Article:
Manufacturing groups urge government to retain close alignment with EU
Yesterday, manufacturing groups met with Michael Gove to ask for clarity over Britain’s future relationship with the European Union.
This follows news, announced yesterday, that Brexit uncertainty had caused the lowest rate of car production since 2010.
Ahead of Britain’s departure from the EU at 11pm today, manufacturers voiced their concerns about the post-Brexit business landscape.
Ian Wright, the chief executive of the Food and Drink Federation, said: “It’s clear that government are serious about engaging with industry.”
This follows Gove’s statement that the government is aiming for “as close as possible a relationship with the EU – and the approach we want to take is built on the relationship they [the EU] have with Canada.”
This was echoed by Boris Johnson who has repeatedly called for a “zero tariff, zero quota” trade deal to be agreed between the two parties.
This will need to be agreed by the end of December 2020, when the transition period ends.
Manufacturing groups declared their willingness to support government efforts to meet this deadline but admitted the timescale may be challenging.
Mike Hawes, the chief executive of the Society of Motor Manufacturers and Traders, said: “I don’t know if it’s doable, but we’re up for it.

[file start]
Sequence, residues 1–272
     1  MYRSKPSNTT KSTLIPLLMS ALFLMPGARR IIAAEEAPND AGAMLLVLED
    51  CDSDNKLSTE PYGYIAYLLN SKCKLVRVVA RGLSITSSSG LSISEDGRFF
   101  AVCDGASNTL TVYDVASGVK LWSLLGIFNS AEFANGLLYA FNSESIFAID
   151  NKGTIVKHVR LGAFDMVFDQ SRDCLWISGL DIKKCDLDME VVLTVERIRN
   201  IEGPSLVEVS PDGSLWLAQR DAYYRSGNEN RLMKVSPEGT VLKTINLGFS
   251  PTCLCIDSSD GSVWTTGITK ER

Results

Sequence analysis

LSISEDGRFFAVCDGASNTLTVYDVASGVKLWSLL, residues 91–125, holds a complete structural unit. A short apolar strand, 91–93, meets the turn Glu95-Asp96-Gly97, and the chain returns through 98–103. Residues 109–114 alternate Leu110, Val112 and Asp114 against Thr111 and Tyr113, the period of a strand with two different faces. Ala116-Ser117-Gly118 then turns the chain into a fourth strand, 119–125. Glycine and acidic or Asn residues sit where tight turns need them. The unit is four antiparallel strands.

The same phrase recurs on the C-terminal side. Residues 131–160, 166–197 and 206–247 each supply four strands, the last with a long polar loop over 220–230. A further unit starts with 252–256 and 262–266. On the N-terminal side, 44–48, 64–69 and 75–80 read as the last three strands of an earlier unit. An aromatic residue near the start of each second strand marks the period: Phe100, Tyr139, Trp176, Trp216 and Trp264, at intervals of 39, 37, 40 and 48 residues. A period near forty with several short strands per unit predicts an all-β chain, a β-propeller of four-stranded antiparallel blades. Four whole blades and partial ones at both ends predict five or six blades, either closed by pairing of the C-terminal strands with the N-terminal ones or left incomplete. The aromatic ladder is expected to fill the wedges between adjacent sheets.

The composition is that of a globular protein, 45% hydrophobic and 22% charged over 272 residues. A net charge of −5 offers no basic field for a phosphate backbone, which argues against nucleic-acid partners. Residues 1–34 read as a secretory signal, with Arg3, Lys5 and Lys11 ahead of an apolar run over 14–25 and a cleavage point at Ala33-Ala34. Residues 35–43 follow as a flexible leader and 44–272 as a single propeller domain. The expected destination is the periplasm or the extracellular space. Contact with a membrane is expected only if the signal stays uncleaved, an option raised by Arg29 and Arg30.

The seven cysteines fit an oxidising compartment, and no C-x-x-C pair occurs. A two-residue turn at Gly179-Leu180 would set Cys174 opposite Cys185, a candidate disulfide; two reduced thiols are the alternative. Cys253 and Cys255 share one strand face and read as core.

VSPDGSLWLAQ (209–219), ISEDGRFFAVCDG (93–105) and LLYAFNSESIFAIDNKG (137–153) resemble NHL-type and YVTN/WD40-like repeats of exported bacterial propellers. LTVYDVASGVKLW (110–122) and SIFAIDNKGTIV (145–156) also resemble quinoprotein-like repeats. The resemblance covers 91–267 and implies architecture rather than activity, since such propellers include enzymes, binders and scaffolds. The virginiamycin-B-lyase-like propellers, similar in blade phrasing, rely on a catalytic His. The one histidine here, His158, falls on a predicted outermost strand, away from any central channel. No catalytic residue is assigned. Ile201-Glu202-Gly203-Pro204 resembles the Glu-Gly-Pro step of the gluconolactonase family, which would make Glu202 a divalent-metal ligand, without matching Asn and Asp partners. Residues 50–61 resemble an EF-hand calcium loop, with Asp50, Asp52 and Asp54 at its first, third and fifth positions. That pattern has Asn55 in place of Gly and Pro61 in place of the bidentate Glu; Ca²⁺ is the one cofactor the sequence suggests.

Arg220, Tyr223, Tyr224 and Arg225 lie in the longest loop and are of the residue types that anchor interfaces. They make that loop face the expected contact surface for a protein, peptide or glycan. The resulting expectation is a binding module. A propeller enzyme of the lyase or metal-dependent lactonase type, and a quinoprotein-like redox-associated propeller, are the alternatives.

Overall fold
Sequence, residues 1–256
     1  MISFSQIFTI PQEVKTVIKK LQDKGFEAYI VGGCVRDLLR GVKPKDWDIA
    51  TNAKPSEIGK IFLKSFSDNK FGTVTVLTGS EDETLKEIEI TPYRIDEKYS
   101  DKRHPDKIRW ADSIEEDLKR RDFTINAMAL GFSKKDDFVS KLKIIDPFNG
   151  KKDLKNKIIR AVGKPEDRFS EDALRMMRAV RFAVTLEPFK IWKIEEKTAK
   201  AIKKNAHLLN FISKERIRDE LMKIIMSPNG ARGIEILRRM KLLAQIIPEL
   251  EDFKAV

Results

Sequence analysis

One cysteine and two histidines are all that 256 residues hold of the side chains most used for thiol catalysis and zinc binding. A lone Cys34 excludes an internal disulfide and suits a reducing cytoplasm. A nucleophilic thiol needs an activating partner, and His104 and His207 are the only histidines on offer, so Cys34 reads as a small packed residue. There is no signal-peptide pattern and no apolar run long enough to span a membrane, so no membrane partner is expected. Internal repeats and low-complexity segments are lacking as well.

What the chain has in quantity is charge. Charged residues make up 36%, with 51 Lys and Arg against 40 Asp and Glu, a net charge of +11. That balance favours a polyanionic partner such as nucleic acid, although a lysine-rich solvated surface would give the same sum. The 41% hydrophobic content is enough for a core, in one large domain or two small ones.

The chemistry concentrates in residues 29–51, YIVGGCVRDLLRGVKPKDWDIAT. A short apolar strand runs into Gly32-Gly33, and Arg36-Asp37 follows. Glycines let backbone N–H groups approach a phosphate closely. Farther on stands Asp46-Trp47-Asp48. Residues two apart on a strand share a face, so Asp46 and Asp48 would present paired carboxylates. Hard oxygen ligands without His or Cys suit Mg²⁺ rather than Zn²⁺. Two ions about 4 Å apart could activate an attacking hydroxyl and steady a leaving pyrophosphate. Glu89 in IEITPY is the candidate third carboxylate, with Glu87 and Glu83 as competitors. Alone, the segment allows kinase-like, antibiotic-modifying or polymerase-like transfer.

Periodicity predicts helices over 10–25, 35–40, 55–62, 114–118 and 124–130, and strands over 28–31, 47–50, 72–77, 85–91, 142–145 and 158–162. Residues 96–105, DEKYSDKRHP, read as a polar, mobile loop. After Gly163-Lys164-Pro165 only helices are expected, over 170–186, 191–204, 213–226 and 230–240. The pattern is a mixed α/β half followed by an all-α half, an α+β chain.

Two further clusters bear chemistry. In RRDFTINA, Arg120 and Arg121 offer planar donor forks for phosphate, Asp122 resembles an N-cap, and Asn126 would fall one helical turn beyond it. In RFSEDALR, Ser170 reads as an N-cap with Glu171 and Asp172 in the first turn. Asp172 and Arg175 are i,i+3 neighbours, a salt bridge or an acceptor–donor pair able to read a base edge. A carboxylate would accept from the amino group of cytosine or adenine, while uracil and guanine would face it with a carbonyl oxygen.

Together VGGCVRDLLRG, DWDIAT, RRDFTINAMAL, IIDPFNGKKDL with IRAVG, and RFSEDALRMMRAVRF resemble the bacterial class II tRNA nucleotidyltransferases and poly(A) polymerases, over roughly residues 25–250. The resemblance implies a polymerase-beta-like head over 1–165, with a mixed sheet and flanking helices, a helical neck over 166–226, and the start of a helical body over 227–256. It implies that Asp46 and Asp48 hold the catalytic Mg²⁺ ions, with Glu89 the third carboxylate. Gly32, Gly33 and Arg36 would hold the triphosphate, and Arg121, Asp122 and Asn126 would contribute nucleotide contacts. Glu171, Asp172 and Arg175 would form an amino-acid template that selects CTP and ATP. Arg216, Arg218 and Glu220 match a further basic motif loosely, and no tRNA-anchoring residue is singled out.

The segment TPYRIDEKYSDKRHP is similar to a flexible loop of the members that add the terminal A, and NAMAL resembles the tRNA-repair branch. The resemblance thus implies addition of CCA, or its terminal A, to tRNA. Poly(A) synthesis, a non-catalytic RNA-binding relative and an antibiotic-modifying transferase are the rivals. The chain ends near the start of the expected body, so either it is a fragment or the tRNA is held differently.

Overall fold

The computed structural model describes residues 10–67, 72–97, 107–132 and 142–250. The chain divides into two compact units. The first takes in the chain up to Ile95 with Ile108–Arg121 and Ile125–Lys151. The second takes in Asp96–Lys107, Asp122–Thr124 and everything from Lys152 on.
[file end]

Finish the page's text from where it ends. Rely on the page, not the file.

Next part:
“We need to be up for it, we can’t afford to get to the end of this year and not have a trad deal. That would be a major threat to our future here in the UK.
“What we have now is exclusion from a whole range of checks on animal health, on customs, checks on lorry drivers and so on.
“Behind a ‘zero tariff, zero quota’ deal would be a whole load of new friction that would add cost, delay and difficulty in doing business.”
Key to the future of the manufacturing, and the UK economy as a whole, will be whether the UK will be able to diverge from EU regulation while retaining access to the single market.
Ursula von der Leyen, the President of the European Commission, said: “Without a level playing field on environment, labour, taxation and state aid, you cannot have the highest quality access to the world’s largest single market.”
Divergence could cause significant difficulty, and additional costs, for manufacturers in the UK.
Nicole Sykes, who reports on EU negotiations on behalf of the Confederation of British Industry, said: “At the moment, businesses have one set of rules to follow, one set of tests, and one set of enforcers of the rules to deal with, when they trade with the EU.”
If manufacturers had to adhere to a new set of rules, Sykes predicted future difficulty. She said: “I spoke to one firm that said if they have to do a deal with the same kind of structure that Canada does, they are thinking about £1,500 on every machine they sell. That’s about 10 per cent of what they sell the machine for.”
Boris Johnson is expected to outline the government’s trade priorities next week.